Earlier, Jones bailed out Irving in similar fashion. Irving's corner 3 attempt was blocked by Jalen Williams, but Jones Jr. grabbed the ball and arced a turnaround fadeaway jumper over a leaping 7-foot Holmgren. The ball found nothing but net as the shot clock expired for a 115-110 lead with 71 seconds left.

Dallas appeared to be in charge but Washington's last-second heroics were preceded by a few miscues that made them necessary. First, he was slow to find Gilgeous-Alexander after Jones' shot clock-beating jumper. Result: Gilgeous-Alexander only needed six seconds to cut the lead back to two with a pull-up transition 3. Washington then tried to answer but back-rimmed his three-point attempt. He then committed a non-shooting foul on an SGA drive, resulting in a frontcourt inbounds play for the Thunder with 27 seconds left. But before the Thunder put the ball in play, Washington bulldozed through a Dort screen for another foul — his fifth — giving OKC a free throw and possession of the ball. Gilgeous-Alexander sank the free throw and then found Holmgren for a dunk, giving the Thunder a one-point lead with 20 seconds to play.

"Obviously, it was a rough game," Washington said. "I'm just glad we came out on top."

The "we" is vastly different than the last team that reached the conference finals. Dončić and Josh Green are the only holdovers and there was a point last season that Harrison — and owner Mark Cuban — were being dragged for letting Jalen Brunson sign as a free agent with the New York Knicks. It got worse when, after acquiring Kyrie Irving in a trade deadline deal, the Mavs promptly slid from fifth in the Western Conference to 11th, failing to make the postseason for the first time since 2019, Doncic's rookie year.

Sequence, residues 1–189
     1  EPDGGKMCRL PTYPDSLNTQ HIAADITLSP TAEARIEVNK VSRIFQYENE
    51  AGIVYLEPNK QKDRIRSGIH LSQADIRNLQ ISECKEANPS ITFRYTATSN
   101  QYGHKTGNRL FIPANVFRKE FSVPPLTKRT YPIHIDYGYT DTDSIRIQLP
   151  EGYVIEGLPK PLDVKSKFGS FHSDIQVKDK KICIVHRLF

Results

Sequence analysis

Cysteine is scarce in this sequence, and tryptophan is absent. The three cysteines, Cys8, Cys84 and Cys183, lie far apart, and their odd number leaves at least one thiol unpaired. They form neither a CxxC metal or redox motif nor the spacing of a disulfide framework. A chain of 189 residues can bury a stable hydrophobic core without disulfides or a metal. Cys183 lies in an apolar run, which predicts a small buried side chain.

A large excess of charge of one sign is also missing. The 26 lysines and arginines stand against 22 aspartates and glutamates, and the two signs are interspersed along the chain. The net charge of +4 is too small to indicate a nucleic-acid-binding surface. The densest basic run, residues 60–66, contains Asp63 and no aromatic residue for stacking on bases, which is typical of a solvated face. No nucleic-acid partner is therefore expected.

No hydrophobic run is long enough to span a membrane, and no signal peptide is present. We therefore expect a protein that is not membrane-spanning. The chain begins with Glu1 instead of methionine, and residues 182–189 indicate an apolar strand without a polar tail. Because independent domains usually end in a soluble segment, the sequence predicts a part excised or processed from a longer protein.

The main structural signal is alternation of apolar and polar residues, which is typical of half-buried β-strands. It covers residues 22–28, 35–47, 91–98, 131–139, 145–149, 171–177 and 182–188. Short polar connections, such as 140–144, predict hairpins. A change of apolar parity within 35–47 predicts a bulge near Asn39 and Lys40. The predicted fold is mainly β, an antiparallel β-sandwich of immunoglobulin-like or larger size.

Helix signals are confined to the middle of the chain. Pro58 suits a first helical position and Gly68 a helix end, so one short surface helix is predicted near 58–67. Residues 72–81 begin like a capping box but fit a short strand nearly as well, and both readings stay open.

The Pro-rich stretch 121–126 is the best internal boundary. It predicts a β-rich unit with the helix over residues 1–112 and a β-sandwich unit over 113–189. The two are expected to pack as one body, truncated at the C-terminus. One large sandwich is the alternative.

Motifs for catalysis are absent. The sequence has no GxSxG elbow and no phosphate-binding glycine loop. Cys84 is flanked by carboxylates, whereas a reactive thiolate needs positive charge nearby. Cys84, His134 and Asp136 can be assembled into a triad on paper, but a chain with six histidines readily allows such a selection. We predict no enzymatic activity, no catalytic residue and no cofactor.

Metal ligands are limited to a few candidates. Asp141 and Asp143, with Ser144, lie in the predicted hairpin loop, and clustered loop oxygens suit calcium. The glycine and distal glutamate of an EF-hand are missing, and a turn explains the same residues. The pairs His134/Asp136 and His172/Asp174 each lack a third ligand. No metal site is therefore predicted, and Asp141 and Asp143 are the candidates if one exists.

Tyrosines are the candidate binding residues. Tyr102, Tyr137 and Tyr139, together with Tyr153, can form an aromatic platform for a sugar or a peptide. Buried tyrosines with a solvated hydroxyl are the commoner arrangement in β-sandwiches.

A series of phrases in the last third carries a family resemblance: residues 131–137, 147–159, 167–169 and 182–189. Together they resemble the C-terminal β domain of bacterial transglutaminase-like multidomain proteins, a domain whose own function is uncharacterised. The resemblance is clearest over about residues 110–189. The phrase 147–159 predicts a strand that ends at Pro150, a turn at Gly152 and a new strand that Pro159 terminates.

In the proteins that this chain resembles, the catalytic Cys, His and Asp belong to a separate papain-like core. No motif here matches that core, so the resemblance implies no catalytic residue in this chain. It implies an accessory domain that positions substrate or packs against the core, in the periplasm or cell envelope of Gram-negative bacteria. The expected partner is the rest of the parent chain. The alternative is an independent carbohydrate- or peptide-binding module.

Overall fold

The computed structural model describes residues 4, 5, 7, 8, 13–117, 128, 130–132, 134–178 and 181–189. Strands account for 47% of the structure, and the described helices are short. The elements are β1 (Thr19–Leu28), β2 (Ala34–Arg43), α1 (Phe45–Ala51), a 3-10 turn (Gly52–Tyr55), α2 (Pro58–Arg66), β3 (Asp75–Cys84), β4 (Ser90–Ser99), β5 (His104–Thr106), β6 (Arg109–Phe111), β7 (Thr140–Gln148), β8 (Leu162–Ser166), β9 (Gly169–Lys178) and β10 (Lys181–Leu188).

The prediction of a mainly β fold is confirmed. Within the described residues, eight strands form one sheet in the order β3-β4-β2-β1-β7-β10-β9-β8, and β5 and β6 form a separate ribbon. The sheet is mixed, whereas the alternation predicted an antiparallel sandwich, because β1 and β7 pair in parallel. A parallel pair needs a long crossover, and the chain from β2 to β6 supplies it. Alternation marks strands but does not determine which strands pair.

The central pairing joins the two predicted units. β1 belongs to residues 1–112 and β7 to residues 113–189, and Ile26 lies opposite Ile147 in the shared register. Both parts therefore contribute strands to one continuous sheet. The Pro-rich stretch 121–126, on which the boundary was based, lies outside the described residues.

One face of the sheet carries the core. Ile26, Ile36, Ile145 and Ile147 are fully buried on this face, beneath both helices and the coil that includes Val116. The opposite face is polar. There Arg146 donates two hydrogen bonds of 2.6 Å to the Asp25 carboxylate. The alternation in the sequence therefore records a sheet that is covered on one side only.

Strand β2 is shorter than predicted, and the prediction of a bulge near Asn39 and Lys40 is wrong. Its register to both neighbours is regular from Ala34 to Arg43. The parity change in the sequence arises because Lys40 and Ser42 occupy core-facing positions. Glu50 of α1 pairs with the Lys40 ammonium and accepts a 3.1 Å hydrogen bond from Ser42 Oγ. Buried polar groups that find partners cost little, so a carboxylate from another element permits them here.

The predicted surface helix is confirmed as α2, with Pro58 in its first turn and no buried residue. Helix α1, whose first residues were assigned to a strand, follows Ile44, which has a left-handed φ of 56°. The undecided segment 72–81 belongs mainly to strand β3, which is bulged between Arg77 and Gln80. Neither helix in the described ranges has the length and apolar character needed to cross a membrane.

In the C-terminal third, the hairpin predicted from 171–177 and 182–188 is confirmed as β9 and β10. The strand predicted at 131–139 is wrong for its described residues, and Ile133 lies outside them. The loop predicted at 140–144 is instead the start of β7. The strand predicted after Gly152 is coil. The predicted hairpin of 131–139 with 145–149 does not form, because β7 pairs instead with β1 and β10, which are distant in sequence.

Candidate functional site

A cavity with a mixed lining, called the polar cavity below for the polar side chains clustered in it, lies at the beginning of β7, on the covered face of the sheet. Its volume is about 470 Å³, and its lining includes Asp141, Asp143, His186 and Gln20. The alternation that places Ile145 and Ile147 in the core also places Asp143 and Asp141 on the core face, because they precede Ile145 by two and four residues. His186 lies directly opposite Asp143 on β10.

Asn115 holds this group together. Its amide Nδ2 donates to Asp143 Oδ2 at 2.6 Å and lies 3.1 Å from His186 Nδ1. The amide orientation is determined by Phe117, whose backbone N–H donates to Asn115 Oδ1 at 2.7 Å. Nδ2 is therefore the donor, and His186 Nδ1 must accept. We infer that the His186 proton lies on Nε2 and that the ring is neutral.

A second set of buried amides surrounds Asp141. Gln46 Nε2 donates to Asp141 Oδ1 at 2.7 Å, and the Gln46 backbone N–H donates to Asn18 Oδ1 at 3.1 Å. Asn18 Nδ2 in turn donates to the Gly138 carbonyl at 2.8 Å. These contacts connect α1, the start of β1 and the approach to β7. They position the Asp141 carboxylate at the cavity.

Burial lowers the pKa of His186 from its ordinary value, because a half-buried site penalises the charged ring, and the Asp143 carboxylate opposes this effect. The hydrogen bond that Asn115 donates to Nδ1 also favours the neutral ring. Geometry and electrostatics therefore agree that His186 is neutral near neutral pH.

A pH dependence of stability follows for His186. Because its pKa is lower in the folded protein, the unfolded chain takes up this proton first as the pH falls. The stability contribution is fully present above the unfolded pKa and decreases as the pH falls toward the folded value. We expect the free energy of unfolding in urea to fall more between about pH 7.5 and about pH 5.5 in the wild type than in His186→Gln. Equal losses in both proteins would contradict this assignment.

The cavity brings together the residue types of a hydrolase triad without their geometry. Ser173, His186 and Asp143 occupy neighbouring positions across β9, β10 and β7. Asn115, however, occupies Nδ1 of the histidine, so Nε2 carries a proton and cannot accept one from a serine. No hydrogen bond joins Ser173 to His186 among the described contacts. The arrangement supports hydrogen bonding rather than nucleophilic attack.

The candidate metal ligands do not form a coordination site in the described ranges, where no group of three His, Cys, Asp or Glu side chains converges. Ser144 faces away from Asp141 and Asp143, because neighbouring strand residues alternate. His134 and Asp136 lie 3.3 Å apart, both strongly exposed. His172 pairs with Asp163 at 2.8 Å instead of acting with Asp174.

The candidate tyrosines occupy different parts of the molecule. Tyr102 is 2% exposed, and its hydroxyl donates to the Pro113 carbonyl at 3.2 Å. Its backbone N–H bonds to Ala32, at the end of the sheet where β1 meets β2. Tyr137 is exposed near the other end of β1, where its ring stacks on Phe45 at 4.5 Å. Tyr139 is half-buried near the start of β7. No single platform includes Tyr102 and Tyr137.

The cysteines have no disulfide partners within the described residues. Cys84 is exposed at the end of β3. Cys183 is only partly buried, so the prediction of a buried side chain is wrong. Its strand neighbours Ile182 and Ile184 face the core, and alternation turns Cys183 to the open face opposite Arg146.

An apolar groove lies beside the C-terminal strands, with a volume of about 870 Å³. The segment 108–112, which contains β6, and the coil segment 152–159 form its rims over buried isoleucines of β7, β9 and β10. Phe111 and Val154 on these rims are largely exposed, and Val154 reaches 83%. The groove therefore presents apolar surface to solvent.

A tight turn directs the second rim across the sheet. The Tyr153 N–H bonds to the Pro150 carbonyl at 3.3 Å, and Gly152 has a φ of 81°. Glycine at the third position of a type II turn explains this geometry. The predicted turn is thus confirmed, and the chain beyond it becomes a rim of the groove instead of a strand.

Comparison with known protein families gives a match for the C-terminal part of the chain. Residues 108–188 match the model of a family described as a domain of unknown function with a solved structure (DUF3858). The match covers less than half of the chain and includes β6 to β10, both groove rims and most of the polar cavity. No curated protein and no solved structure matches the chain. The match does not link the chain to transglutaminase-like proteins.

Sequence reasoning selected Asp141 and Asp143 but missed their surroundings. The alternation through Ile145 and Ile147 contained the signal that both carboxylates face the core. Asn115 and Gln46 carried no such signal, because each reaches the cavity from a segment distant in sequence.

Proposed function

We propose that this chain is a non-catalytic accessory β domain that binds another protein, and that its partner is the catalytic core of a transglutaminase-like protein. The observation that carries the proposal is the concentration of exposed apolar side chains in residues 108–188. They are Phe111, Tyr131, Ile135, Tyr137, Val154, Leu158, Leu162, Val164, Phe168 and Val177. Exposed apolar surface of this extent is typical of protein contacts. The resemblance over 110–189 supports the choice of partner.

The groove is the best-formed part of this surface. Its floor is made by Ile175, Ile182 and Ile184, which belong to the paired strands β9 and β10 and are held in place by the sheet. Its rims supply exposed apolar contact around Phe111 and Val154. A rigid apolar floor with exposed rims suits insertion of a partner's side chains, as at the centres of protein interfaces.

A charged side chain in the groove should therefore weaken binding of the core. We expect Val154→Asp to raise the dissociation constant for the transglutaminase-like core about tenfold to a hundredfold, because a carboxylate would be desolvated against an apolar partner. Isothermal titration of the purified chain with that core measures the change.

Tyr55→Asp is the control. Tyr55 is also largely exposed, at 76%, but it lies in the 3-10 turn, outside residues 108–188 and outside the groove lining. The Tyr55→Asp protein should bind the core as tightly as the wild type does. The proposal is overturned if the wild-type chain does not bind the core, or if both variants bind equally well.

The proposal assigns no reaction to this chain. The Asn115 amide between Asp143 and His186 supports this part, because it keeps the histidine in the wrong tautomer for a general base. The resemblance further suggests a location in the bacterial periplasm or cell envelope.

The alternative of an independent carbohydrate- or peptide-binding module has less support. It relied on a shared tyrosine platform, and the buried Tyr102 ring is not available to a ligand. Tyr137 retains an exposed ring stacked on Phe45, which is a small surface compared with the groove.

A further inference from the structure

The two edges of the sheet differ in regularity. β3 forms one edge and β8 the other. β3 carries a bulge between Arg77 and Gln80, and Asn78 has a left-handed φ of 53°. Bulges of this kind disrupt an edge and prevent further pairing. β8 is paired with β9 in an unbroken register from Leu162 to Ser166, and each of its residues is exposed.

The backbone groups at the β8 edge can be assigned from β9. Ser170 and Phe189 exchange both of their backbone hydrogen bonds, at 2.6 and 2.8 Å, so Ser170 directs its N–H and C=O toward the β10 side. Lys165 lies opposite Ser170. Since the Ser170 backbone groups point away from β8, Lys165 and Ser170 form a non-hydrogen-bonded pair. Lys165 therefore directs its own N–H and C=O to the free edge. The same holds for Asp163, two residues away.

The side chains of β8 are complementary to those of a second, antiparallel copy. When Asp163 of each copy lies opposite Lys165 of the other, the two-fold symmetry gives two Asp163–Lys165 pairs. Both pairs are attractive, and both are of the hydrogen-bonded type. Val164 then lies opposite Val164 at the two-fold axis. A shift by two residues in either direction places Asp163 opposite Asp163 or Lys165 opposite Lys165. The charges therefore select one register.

But Harrison remained resolute the Dončić-Irving nucleus could work, that it was a matter of giving them time and putting the right pieces around them. Which he did. They needed an athletic rim protector and lob threat — Lively. They needed a versatile stretch 4 with on-ball defensive skills — Washington. And, having dealt Dorian Finney-Smith in the deal to get Irving, they needed a bargain three-and-D wing with the team already hard-capped — Jones Jr., on a one-year veteran's minimum deal.

If Harrison kept a low profile Friday night because the lesson of how fickle the public and media can be remains fresh, it's hard to blame him. But there was no hiding what the pieces he acquired did to keep the Mavericks' season alive. They're now in the same place they were the last time you-know-who was in town. 

At the start of the season, that was considered as unlikely as a 52.4 percent free-throw shooter executing three win-or-lose shots from the line. Flawlessly. 

Ric Bucher is an NBA writer for FOX Sports. He previously wrote for Bleacher Report, ESPN The Magazine and The Washington Post and has written two books, "Rebound," on NBA forward Brian Grant's battle with young onset Parkinson's, and "Yao: A Life In Two Worlds." He also has a weekly podcast, "On The Ball with Ric Bucher." Follow him on Twitter @RicBucher.